Omar Khadr asking for ease in bail conditions

Former Guantanamo Bay prisoner wants to be able to visit his family in Toronto


EDMONTON — Lawyers for former Guantanamo Bay prisoner Omar Khadr are to be in court today to argue for an ease in his bail conditions.

Khadr wants to be able to visit his family in Toronto and get rid of his electronic monitoring bracelet.

An Edmonton judge released Khadr on bail in May pending an appeal in the United States of his conviction for war crimes, including the murder of an American soldier.

Khadr was 15 when he was captured following a firefight in Afghanistan in 2002, and became the youngest prisoner at the time to be held in Guantanamo.

In 2010, a U.S. military commission sentenced him to another eight years behind bars and he was transferred home to Canada in 2012.

Related reading: Inside the mind of Omar Khadr

Khadr’s bail conditions include that he live with one of his Edmonton lawyers, Dennis Edney, and only communicate with his family in English and under supervision.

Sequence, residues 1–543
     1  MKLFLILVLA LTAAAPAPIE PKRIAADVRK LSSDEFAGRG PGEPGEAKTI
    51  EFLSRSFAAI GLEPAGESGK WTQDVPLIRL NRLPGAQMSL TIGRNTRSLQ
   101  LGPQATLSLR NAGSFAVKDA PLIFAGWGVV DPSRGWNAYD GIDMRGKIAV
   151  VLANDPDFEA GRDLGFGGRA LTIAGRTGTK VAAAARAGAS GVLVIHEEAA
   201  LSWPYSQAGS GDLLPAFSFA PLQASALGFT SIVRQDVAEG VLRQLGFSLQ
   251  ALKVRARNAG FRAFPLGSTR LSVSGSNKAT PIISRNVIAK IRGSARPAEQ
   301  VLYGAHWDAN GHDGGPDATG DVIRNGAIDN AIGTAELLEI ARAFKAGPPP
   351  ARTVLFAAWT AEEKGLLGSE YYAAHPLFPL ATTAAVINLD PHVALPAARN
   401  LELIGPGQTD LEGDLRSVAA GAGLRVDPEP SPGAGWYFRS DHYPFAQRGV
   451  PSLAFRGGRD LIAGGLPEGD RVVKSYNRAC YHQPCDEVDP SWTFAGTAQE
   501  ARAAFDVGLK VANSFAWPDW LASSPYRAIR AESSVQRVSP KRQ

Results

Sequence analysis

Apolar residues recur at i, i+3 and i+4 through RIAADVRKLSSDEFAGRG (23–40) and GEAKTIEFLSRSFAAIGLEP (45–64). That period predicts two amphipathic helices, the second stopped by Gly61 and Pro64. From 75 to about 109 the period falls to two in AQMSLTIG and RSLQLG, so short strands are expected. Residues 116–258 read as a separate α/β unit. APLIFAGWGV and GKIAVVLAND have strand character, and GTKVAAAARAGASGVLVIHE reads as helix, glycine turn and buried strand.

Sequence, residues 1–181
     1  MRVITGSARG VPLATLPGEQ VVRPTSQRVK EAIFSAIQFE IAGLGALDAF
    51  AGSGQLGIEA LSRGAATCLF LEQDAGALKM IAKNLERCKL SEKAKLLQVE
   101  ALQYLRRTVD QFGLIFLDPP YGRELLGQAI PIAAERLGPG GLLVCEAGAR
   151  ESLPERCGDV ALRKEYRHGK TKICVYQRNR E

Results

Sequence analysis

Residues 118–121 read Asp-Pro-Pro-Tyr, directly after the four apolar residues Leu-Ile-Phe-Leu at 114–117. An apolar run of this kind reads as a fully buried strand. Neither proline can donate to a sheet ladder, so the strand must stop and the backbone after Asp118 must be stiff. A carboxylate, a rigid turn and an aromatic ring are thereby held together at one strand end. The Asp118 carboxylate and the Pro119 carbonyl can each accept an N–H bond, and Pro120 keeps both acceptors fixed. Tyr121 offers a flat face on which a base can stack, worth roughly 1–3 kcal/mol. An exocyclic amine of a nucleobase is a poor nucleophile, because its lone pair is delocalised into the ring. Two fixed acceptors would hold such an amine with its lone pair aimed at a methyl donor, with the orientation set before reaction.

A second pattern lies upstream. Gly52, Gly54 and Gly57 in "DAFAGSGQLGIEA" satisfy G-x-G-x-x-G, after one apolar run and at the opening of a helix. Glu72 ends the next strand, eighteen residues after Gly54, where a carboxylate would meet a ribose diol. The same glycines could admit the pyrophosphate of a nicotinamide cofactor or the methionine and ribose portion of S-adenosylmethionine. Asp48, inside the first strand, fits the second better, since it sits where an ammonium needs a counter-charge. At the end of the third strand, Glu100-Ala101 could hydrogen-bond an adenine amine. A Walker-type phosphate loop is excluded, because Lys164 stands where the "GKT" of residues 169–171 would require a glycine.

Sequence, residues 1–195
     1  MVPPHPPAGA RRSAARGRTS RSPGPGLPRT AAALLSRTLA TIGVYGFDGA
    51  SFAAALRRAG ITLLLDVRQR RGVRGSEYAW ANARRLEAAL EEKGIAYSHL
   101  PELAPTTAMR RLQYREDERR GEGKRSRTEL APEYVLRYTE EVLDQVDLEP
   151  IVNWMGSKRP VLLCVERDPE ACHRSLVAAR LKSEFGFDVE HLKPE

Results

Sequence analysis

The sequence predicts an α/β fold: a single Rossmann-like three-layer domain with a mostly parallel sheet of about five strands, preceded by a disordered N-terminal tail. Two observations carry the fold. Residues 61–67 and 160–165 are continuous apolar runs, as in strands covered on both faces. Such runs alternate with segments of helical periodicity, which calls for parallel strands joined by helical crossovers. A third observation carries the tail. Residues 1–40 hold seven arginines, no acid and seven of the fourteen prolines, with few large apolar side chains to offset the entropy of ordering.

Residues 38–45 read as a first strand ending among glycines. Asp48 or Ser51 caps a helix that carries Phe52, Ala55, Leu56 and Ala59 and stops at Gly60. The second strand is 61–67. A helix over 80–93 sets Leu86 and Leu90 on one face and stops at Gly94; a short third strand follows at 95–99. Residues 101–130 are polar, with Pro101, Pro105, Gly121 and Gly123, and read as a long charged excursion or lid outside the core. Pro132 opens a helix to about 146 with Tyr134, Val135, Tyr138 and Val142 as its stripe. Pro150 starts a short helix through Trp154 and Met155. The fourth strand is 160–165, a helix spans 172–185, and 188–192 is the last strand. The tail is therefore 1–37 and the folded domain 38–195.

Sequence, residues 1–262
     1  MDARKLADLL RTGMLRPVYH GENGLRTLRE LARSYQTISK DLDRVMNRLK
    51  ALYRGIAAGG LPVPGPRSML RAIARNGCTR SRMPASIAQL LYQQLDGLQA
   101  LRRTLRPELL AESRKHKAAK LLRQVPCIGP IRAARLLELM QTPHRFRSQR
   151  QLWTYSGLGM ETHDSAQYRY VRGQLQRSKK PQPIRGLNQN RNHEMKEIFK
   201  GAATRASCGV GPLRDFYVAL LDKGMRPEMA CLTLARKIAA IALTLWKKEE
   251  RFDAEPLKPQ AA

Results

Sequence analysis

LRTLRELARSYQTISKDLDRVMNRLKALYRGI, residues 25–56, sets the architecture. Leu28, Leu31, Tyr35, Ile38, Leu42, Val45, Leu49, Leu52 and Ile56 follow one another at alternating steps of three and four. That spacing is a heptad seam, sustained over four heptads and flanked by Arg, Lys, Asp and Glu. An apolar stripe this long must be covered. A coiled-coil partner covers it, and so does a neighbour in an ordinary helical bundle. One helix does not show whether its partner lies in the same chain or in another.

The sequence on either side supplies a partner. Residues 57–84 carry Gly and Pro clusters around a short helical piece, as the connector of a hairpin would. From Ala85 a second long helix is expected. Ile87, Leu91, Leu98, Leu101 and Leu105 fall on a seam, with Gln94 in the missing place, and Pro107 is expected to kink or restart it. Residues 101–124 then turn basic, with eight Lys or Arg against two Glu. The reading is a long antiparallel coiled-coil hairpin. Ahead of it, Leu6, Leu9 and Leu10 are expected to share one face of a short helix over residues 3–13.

Some of Khadr’s family have expressed pro-al-Qaida views in the past. Khadr says in an affidavit that they are not involved in any illegal activity and he’s now an independent adult.

“Even if the members of my family were to wish to influence my religious or other views, they would not be able to control or influence me in any negative manner,” said the 29-year-old.

Related reading: Why I changed my mind about Omar Khadr 

He said his grandmother in Toronto is ill and his grandfather barely speaks English. He wants to be able to visit them alone and to also see his mother, siblings and other relatives while in Toronto.

He also said his electronic ankle bracelet is uncomfortable and has mistakenly gone off several times. He further wants to be allowed to leave his lawyer’s home at 5 a.m. to attend early morning prayers.

Lawyer Nathan Whitling says in the court application that his client’s bail conditions are “no longer necessary or in the public interest.”

The federal government is appealing the original bail decision. It has frequently branded Khadr an unrepentant terrorist and said he should serve his full sentence.